I had the impression that Leadbelly always shouted, regardless of who was recording him. Am I mistaken?

Title: Re: Leadbelly's Library of Congress Recordings
Post by: misterjones on August 12, 2011, 02:09:48 PM
Yes, but I find the shouting less noticeable (and, for my tastes, less irritating) on the LOC tracks.  Maybe the Lomaxes' less sophisticated equipment required keeping the noise extremes to a minimum and they told Leadbelly to soften up his vocal delivery a bit.  Perhaps they just miked the recordings more distantly than ARC.  Just guessing.  (I've read the reason they didn't want Louis Armstrong's early recordings to include drums was the fear that the beats would make the recording needle jump out of the track.  So they used those stupid cymbals instead.  I never understood this reasoning, since Jelly Roll Morton used drums on his early recordings and they seemed to work out OK.)
Title: Re: Leadbelly's Library of Congress Recordings
Post by: CF on August 12, 2011, 06:50:16 PM
I'm a big fan of the ARC recordings. Leadbelly's playing is top notch. You get most of the sessions with those CDs you guys listed above. The later 'King of the 12 String' has the superior sound IIRC.
Title: Re: Leadbelly's Library of Congress Recordings
Post by: misterjones on August 13, 2011, 10:21:49 AM
It appears you definitely need "King of the 12 String Guitar".  The above-referenced discography indicates that all but three of its tracks are not available elsewhere.  There is significant overlap between Columbia's "Leadbelly" CD (Co CK 30035) and Document's "remaining" LOC/ARC recordings, volume one (DOCD 5591).  I suppose the choice between the latter two would come down to sound quality.

I see many ARC recordings are listed as unissued and there is no indication of any release (78, LP or CD).  Do these even exist?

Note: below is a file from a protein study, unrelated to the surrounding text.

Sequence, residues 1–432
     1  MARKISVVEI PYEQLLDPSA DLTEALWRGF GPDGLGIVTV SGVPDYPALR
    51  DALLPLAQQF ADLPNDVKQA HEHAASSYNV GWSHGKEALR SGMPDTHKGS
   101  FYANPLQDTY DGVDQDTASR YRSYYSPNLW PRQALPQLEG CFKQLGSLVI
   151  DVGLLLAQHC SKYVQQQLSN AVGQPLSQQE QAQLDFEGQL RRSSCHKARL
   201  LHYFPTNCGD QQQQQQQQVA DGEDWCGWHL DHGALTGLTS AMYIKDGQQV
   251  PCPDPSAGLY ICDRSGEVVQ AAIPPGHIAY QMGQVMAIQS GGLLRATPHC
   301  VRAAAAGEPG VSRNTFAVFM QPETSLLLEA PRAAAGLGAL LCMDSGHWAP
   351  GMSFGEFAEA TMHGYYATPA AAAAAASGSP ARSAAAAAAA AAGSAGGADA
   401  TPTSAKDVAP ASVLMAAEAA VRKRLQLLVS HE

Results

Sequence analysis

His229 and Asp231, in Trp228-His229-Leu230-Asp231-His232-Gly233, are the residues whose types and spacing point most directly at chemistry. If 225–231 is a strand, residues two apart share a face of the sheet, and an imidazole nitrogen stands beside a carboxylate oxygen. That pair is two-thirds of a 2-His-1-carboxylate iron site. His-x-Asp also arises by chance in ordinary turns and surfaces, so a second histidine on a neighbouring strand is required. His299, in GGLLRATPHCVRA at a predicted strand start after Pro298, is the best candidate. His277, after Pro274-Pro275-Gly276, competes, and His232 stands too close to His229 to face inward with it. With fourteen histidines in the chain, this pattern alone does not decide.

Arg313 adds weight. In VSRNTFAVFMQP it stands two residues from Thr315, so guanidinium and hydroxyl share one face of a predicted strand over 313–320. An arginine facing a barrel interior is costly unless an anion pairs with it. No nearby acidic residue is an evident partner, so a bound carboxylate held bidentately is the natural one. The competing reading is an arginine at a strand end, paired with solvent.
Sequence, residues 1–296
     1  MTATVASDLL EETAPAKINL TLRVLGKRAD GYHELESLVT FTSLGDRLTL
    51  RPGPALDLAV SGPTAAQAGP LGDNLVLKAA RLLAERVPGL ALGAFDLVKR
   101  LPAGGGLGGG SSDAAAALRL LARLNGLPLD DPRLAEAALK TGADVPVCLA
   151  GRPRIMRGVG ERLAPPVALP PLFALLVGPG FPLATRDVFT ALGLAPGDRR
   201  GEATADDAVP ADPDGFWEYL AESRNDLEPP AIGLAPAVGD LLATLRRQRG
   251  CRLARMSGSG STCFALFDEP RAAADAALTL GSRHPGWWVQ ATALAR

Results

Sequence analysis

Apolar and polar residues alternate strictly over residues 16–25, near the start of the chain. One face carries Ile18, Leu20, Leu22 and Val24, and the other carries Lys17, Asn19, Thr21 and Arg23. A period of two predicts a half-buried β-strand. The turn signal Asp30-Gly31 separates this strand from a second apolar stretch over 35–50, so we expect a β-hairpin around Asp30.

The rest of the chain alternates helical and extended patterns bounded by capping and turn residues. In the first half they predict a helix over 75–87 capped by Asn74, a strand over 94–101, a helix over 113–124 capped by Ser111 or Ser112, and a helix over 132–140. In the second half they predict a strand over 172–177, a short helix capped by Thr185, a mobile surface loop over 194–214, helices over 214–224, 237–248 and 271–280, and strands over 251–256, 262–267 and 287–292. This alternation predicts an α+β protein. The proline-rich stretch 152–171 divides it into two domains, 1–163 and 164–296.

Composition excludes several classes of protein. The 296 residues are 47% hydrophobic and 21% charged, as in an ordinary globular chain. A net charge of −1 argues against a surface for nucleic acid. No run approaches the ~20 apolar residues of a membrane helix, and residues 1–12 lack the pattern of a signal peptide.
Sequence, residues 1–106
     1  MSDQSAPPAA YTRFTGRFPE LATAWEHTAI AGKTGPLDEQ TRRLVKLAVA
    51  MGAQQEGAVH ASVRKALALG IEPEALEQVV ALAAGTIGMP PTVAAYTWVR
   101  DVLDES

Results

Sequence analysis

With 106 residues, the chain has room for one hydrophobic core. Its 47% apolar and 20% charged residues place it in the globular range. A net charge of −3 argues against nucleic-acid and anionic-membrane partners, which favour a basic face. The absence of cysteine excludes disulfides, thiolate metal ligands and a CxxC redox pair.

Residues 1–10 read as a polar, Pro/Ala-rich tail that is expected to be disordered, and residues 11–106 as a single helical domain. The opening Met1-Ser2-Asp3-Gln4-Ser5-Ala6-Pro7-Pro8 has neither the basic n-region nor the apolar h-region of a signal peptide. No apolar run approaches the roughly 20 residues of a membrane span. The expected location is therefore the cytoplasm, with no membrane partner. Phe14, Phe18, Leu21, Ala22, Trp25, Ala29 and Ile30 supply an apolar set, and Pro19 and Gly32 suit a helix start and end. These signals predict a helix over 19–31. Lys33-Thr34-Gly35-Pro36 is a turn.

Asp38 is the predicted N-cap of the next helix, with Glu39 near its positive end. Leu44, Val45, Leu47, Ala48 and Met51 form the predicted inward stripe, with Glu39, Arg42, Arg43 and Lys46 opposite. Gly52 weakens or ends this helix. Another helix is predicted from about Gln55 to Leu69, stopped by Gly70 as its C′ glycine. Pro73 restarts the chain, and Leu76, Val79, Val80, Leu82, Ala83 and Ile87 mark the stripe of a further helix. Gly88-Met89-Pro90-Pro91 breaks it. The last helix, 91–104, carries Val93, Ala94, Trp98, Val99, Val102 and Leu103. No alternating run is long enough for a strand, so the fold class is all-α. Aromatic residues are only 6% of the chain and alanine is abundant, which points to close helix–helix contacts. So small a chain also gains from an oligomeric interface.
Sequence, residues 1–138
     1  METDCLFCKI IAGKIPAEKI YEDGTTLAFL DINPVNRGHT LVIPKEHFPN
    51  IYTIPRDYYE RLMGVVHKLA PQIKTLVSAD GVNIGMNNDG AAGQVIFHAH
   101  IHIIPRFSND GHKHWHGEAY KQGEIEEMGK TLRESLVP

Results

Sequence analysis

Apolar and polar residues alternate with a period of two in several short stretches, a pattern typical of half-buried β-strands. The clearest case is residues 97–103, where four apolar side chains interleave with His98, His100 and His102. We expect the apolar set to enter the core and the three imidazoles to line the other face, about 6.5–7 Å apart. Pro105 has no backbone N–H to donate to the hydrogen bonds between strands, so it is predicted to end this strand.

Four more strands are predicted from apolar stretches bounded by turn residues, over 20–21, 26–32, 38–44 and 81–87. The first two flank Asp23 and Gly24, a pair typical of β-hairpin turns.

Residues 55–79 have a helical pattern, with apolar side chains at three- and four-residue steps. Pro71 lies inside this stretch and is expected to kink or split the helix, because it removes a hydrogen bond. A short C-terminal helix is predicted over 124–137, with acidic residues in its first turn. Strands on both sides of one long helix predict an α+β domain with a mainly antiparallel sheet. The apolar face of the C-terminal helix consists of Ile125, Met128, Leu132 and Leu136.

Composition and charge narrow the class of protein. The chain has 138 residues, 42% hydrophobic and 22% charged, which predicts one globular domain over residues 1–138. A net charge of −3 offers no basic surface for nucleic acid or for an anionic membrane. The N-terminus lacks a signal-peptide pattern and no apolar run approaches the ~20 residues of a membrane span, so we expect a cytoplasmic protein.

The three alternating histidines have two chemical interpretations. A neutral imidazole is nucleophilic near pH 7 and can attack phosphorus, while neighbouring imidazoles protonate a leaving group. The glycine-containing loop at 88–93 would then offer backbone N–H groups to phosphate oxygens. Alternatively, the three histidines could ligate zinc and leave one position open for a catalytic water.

Title: Re: Leadbelly's Library of Congress Recordings
Post by: LD50 on August 13, 2011, 10:35:05 AM
I see many ARC recordings are listed as unissued and there is no indication of any release (78, LP or CD).  Do these even exist?

Excellent question. Judging from D&G, most of the Leadbelly ARC tracks that have been issued on LP & CD were never issued on 78, but maybe half the tracks he recorded for them STILL haven't seen the light of day anywhere. It'd be nice if someone could do a proper Leadbelly ARC discography, since I'm not sure D&G is fully up to date for this.
Title: Re: Leadbelly's Library of Congress Recordings
Post by: dj on August 13, 2011, 01:29:56 PM
Quote
I never understood this reasoning, since Jelly Roll Morton used drums on his early recordings and they seemed to work out OK.)

Armstrong recorded for Okeh, Morton for Victor.  In the teens and 20s, the Victor engineers and recording facilities were generally considered the best in the business.  Plus, a lot would depend on the individual drummer. 

Title: Re: Leadbelly's Library of Congress Recordings
Post by: banjochris on August 15, 2011, 10:23:38 AM
I'm not sure that needle jumping thing was a problem by the time electrical recording came around (and I know we're getting off topic) but maybe someone with more knowledge can jump in. Pretty sure all of the Red Hot Peppers were electrical recordings, but I don't know about the Hot Fives/Sevens.
Title: Re: Leadbelly's Library of Congress Recordings
Post by: dj on August 15, 2011, 10:40:33 AM
All the Hot Five recordings through November 1926 were acoustic.  The remaining Hot Fives/Hot Sevens were recorded electrically.  It's my understanding (which means I could be wrong) that though the advent of electric recording was a great leap forward, it took a few years before recording engineers really figured out how to handle instruments like drums and string bass.
Title: Re: Leadbelly's Library of Congress Recordings
Post by: banjochris on August 17, 2011, 10:01:28 AM
Thanks for the info, dj. And I think you're right, but the Victor engineers sure managed it (especially with bass) on the Morton sides.
Title: Re: Leadbelly's Library of Congress Recordings
Post by: LD50 on August 17, 2011, 03:47:12 PM